First, are you certain you have anemia? It would be very hard to be a hardcore fitness and weight trainer if you were truly anemic enough to need iron supplementation -- you would be fatigued. I suppose an individual could do this, but when you're anemic, your blood is weak and when that happens energy goes way down. Have you been tested repeatedly, or just once? So, let's assume you're just incredibly strong and can function this way without strong blood cells, that you don't have bags under your eyes, and you're not tired all the time, but you're still after repeated testing -- not just once, which might have been an aberration -- low enough in iron to be considered to be anemic. When doctors prescribe iron, it's not usually in a form that is well-absorbed. High levels aren't usually needed, what's needed is absorption. Plant based iron is much better absorbed generally in supplement form than the ones your docs prescribe, which are very poorly absorbed. The best two ways to get iron levels up is to eat a variety of foods high in it, which would include beets, leafy greens such as parsley, nettles, dandelion greens, and watercress as examples. There's also the older way, which is to eat organ meats. There is a supplement called Floradix that is plant based -- but it has very low levels of iron in it. It is, however, usually considered the best absorbed supplement. Another way to battle anemia is to focus on hemoglobin. Chlorophyll has almost the same structure as hemoglobin, and the body can take it up and use it to strengthen blood cells. Foods like spirulina and wheat grass are very high in chlorophyll, so that can help as well. Now, the coffee and tea thing I don't know anything about and don't have time to research it -- but it would seem the two would not have the same effects. Coffee is a very limited food with few nutrients. The only reason to consume it is because you're addicted to caffeine and would go into withdrawal for awhile without it, which would include feeling tired. Tea, on the other hand, is a very complex plant with tons of antioxidants, relaxants, and other nutrients along with the caffeine, so I'm wondering if they truly have the same effect in any way on anything. And, of course, if you must have your coffee, you can consume it at a different time than you take your iron. Iron, as with minerals generally, is best taken with a meal. Minerals are hard and need an acidic stomach to break them down, so that's the reason for that. You can drink coffee anytime you want and still get a caffeine high. But keep in mind that coffee is a very popular drink while anemia is quite rare, so if it was that inhibiting of iron absorption one would expect all those several cups of coffee a day folks would all be anemic to some degree, and I don't think that's true. That doesn't do you a lot of good because you might just have a problem absorbing iron that others don't have, but it's probably not the coffee having a large impact. If it did, again, there would be a lot more anemia going around then there is. And consider tea -- it's even more widely consumed than coffee, but I don't remember reading that Asians who drink it all the time are not absorbing their iron. Something more is going on. My main advice, though, is if you're taking a supplement and not showing results, it might be the supplement you're using, not all supplements. Don't know, just an idea for you to consider. And if all else fails, if quitting coffee is necessary to stay alive, then it seems the choice is an easy one. I'm just not sure it's the issue here. And note that taking too much iron increases the risk of heart problems and digestive problems, especially for men, so take care. Hope you work this out.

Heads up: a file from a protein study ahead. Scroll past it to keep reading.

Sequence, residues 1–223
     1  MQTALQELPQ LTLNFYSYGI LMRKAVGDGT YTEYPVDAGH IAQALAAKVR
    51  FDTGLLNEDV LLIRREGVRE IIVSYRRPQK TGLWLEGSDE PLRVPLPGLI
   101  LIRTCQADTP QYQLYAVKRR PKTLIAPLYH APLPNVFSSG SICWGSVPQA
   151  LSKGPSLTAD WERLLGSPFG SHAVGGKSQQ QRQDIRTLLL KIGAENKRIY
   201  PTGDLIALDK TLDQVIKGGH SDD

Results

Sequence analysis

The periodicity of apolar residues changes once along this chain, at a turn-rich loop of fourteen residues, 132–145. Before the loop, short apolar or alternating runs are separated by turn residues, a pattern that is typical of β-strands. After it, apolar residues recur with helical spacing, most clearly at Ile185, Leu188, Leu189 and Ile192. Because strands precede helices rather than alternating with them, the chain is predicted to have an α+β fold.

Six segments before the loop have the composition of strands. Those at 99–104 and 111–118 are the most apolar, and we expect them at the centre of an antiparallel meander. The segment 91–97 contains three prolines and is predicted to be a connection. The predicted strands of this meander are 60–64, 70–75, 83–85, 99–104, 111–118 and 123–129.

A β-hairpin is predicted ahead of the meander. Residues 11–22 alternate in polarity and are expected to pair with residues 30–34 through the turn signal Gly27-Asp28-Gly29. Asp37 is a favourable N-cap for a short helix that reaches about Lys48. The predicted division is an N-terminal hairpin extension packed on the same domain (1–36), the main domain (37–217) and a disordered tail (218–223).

Thanks for detailed response. Yes, I have been tested repeatedly throughout my life. My father and mother are also anemic-- cause never found. That's what they are saying about me too-- idiopathic; "that's just how I am".